The Fullfillment of Perfection

by Cipriano M. Kritzinger

This article appeared in the September 2004 Falco Builder Letter


Skinning the aileron and flap nose ribs.


Flying was my dream since I was a kid. My first encounter with a Falco was in Augsburg, Bavaria in 1971. I saw a Falco flying down the runway with tremendous speed then zooming into the sky. It was quite impressive. A few days later the airplane was in the hangar, and I admired its beauty. Nine years later I read about Sequoia Aircraft in Richmond, Virginia selling plans for the Falco. I ordered it right away. But initially I could not make the effort to build one since I had other priorities.


Skinning the aileron and flap trailing edge ribs.


There was a German builder who never started building and sold his kit. It seemed to be a bargain, but the quality of the woodwork was poor, and I discarded the parts. A small company in Germany made them. The fuselage rings including tail group parts are from Sequoia and of superior quality. In 1994, the fuselage empennage and the wing were complete. Due to other activities in aviation beside my airline job, progress was rather slow. Later I was involved in flight operations management, and I had no more time for my Falco at all. Since the end of the 1999, I’m back as a line pilot again, and I had time to continue on my Falco.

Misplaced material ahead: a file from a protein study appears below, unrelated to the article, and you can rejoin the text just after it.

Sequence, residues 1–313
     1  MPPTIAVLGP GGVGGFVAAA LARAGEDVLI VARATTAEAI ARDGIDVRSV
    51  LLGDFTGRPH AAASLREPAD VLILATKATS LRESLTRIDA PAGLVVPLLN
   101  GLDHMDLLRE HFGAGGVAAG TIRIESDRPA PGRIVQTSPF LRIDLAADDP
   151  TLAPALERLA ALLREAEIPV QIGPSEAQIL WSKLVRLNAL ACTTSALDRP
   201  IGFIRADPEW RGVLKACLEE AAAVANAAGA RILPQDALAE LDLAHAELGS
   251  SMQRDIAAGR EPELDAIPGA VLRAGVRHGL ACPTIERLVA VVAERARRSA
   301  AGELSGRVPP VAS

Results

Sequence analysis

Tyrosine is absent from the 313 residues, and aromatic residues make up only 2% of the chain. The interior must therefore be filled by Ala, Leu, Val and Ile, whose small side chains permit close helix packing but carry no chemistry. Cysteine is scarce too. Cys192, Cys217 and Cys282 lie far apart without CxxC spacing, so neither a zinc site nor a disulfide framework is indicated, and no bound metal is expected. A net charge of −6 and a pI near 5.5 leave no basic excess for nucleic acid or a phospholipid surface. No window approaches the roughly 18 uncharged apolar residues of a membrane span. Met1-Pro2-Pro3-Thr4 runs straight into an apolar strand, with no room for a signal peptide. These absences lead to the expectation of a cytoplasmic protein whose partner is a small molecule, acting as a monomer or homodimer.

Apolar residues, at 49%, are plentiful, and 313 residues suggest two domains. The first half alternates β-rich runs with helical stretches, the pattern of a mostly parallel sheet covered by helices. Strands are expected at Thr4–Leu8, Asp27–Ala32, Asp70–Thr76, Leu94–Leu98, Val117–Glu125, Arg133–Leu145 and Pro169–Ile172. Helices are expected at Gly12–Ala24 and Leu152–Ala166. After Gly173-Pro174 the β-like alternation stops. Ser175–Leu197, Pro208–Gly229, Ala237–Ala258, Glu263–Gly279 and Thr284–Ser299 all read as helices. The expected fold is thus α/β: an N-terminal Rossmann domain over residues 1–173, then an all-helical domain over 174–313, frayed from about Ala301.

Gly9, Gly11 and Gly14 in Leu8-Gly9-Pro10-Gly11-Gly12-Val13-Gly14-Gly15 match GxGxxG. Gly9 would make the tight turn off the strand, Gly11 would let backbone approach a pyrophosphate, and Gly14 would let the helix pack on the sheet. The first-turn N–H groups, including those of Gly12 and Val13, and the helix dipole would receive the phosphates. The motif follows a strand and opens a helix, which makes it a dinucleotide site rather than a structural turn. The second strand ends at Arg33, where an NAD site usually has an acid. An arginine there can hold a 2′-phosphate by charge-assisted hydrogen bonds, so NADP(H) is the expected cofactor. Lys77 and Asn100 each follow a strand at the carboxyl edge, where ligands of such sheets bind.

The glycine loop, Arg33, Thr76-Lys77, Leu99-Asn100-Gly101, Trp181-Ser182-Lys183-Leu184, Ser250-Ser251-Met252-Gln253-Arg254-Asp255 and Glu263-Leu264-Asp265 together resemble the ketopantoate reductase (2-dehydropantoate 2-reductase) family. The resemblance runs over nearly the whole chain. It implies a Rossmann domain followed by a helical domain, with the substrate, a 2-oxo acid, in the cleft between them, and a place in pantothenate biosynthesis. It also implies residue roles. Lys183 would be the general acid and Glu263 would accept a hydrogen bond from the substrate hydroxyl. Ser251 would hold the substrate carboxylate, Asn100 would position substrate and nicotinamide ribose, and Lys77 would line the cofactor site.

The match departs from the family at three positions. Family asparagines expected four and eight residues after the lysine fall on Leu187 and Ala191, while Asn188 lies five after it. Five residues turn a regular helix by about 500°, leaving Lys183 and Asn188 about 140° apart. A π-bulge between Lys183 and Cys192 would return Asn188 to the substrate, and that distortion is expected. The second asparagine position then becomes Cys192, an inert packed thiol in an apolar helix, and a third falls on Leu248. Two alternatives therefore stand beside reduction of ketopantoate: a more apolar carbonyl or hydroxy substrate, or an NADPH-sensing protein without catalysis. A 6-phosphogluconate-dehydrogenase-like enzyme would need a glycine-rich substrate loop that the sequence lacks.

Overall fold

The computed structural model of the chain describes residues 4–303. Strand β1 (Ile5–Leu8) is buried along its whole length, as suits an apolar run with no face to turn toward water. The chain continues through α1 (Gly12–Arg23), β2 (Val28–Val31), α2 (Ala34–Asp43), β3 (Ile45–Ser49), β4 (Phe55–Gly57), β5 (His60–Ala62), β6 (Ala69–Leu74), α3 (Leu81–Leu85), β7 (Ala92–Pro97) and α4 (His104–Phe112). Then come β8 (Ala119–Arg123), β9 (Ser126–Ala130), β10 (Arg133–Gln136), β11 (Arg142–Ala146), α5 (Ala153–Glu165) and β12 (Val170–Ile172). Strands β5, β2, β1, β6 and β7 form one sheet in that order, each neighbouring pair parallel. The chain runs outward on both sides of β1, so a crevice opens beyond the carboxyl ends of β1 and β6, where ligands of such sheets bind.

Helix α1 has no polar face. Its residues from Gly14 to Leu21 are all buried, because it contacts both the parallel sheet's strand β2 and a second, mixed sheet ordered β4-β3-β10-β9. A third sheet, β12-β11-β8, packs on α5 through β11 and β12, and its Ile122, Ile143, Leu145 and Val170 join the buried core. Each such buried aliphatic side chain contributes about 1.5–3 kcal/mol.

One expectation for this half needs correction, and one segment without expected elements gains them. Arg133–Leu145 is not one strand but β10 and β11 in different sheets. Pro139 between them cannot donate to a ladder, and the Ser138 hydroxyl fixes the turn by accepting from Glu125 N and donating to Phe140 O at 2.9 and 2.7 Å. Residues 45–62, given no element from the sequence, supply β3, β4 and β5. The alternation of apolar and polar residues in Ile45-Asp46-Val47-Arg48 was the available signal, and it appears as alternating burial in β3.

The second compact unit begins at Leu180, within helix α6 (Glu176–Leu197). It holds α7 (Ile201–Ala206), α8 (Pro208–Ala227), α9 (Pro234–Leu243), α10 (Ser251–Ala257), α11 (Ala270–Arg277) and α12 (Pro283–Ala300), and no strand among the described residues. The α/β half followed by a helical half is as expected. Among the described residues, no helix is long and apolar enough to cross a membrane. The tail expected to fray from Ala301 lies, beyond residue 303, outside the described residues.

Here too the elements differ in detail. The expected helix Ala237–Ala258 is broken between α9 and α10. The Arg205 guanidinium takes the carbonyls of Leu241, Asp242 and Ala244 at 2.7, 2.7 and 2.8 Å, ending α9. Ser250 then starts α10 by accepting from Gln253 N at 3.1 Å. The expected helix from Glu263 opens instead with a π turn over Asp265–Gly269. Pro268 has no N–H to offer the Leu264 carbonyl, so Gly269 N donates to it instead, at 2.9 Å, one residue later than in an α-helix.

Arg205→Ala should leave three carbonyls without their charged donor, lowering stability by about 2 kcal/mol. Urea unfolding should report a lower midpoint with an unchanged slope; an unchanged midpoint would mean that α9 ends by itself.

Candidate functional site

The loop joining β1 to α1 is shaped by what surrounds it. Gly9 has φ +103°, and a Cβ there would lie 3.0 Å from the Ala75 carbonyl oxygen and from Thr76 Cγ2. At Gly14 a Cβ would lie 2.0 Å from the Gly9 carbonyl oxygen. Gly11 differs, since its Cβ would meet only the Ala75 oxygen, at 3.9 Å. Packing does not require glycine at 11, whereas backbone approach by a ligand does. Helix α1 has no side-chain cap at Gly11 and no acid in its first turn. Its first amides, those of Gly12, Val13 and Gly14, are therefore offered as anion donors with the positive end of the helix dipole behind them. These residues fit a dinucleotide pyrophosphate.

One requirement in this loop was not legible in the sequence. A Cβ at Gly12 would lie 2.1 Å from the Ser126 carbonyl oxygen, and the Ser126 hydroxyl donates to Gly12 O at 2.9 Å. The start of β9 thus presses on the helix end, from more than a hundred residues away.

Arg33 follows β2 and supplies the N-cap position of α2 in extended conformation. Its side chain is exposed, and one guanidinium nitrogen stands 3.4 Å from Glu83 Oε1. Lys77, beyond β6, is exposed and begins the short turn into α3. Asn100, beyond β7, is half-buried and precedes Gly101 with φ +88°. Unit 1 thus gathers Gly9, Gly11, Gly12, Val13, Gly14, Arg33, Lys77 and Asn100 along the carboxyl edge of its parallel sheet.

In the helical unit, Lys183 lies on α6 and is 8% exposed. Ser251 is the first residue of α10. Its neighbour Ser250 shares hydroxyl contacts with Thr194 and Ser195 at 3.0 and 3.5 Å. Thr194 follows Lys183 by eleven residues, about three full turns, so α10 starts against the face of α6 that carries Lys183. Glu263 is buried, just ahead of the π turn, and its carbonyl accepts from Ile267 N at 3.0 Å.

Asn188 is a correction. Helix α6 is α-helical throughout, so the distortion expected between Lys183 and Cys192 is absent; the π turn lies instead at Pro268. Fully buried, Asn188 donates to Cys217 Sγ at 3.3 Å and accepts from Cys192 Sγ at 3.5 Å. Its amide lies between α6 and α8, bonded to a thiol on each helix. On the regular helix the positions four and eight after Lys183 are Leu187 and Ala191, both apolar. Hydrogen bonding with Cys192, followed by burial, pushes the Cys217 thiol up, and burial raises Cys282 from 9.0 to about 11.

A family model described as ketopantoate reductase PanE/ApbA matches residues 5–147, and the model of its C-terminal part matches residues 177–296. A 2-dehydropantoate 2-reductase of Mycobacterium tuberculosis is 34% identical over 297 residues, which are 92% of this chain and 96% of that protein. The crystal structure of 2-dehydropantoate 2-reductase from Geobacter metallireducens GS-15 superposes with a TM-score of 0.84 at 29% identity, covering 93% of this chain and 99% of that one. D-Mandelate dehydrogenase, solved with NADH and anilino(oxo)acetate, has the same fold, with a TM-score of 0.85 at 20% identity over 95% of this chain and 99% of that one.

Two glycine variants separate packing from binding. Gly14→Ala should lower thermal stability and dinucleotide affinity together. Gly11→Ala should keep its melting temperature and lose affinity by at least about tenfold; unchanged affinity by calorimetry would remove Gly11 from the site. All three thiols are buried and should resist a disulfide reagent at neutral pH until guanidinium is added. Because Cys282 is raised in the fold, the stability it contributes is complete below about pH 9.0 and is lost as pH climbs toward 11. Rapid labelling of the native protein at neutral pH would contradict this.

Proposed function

Inside the tail cone, looking at the battery box.


My second-hand kit included the inverted fuel system. I would exclude the inverted system next time because of the installation problems in the narrow engine compartment. Initially I used hoses with integrated fire sleeve, but I had a hell of a problem to get them around the corners without exceeding the limit radius. Finally I removed the hoses and installed the standard hoses with re-usable fittings.


Here's the firewall frame.



Turning the Falco over.



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